This is a bit of a valedictory for Guyside. After 54 happy posts here on FlashFree, we’re at the end of the road. Asking guys to contribute to a site about menopause was a bit of a courageous and audacious move, which fits this blog’s major-domo Liz Scherer quite well.
And as the writer of most of these posts, I am glad she asked me, and addicted enough to doing this that I’ll be continuing the Guyside tradition on another site, while the archives will always be available here, with my posts, as well as the other Guyside contributors Danny Brown and Rich Becker.
Want to know more?
Listen to this Skype conversation between Liz and I. Happy and Healthy New Year, and stay tuned for more!
Image: CC-licenced by Flickr user Mark RamsayRead More
I’ve been keeping an eye on my blood pressure these days. With a family history of hypertension, it just makes sense. And so far, my results are good. A while ago, I stopped at a local pharmacy and used their automated machine and saw a couple of readings heading into the high range. But more accurate readings have put it further down in the normal range, so that’s good.
But when I looked at my profile for hypertension risk factors, I was struck that there wasn’t a great deal I could do. The major risk factors for hypertension, according to the Mayo Clinic, are:
- Age. (Hypertension is more common in men around 45 or so, and becomes more common in women around 65)
- Race. (High blood pressure is particularly common among blacks)
- Family history.
- Being overweight or obese.
- Not being physically active.
- Using tobacco.
- Too much salt (sodium) in your diet.
- Too little potassium in your diet.
- Too little vitamin D in your diet.
- Drinking too much alcohol.
I do pretty well on most of these. But of the ones I can control, the one about sodium sticks out. As a man and a lover of food that I KNOW is bad for me, I know that I can be the author of my own hypertensive misfortune. Burgers, fries, onion rings, chicken wings — it would be foolish to pretend they don’t have a lot of sodium in there. But there are a ton of foods out there that you wouldn’t expect to have high sodium levels.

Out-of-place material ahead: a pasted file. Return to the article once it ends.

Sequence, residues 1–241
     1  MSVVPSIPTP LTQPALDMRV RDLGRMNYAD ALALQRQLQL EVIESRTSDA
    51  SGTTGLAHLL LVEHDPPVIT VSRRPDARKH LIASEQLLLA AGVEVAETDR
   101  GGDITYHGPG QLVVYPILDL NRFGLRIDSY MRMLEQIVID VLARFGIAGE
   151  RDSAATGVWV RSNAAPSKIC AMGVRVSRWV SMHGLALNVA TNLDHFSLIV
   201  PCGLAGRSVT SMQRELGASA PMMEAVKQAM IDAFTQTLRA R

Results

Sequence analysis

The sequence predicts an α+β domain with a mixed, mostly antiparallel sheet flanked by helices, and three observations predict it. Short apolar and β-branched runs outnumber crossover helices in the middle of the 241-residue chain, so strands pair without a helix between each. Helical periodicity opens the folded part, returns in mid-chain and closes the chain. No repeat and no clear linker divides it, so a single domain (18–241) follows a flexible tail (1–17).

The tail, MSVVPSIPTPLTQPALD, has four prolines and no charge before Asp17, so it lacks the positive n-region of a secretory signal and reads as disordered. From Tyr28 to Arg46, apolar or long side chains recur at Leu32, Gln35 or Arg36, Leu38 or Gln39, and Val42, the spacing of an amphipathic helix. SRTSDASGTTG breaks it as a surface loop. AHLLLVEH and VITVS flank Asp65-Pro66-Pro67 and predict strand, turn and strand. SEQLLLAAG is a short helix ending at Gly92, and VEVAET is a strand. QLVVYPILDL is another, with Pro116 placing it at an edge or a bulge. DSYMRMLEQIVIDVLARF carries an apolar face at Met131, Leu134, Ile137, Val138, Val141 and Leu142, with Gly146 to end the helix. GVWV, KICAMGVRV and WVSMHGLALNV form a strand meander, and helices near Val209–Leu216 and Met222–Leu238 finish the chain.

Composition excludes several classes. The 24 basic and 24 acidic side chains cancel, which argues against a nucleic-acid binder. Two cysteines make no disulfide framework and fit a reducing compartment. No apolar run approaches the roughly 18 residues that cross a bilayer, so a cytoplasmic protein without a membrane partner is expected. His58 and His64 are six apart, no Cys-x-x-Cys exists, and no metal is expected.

We often have pizzas on naan bread for a quick and easy weekday meal. On top, prosciutto, pears, brie, and basil. I knew the prosciutto would be high in sodium — after all, it’s a cured meat. But the naan bread itself has a surprising amount of sodium. Between those two ingredients, one naan pizza is likely delivering more than half my daily allowance of sodium.
Chicken breasts can be injected with brine during processing, increasing their sodium content drastically. A slice of process cheese might have 20% of your daily allowance of sodium!
If you have french fries, you expect them to be salty. But if you add a tablespoon or two of ketchup, you’re looking at 400 mg of sodium just in that!
And none of this counts restaurant or takeout food, which can be extremely high in sodium. You can see just how easy it would be to end up with more than your roughly 2,500 mg of sodium per day:
- 350 mg: a bowl of Raisin Bran.
- 870 mg: a bagel and cream cheese
- 1220 mg breakfast
- 1600 mg: 100 grams of deli ham on white bread with mustard.
- 1600 mg lunch
- 393 mg: baked chicken breast
- 418 mg: baked potato
- 460 mg: cup of canned peas
- 1271 mg supper
- 744 mg: 1/2 cup of salsa
- 420 mg: 24 tortilla chips
- 1164 mg snack
That’s a whopping 5255 mg of sodium, more than twice the recommended amount in a day, without a single shake of your salt shaker, without eating out, and with lots of things that seem healthy at first glance. (Sodium figures from the Fat Secret website)
You can’t change your age, your race, or your family history of hypertension. But if you start to track things like sodium, you do see where you can help prevent hypertension, or if you have it, improve it without resorting to drugs. And that’s a good thing.
(Pretzel photo is a CC-licenced image from Flickr user Jenn Durfey)Read More
From my perch in Canada, the decision in Ferguson felt like a tragedy, or perhaps a series of tragedies.
First and foremost among those tragedies is the death of a young man. In a better world, Michael Brown would still be alive.
Next among the tragedies of this case is the loss of yet more faith in the US court system by the African-American community. If people can’t feel that their judicial system will treat them fairly, then eventually some will find extrajudicial means to mete out justice as they see fit. For us, in the relatively wealthy parts of the Western world, that is a tragedy.
Yoga. How hard can that be, right? Just a bunch women accessorizing and lying around on mats, right?
Uh-uh. As I type this, my large thigh muscles are complaining, and my abdominal muscles are providing harmony vocals. All this after an “ambitious” session of Kundalini yoga on Monday. As in so many instances, my pain is my fault, for two reasons:
- I have had a fairly indolent fall, with not nearly the same level of activity — yoga or otherwise — that I might expect normally.
- Being reasonably competitive and interested in seeing what others were doing in the class, I wanted to show that I wasn’t some Kundalini newbie. So I pushed myself.
And here I sit, waiting for my muscles to stop being mad at me.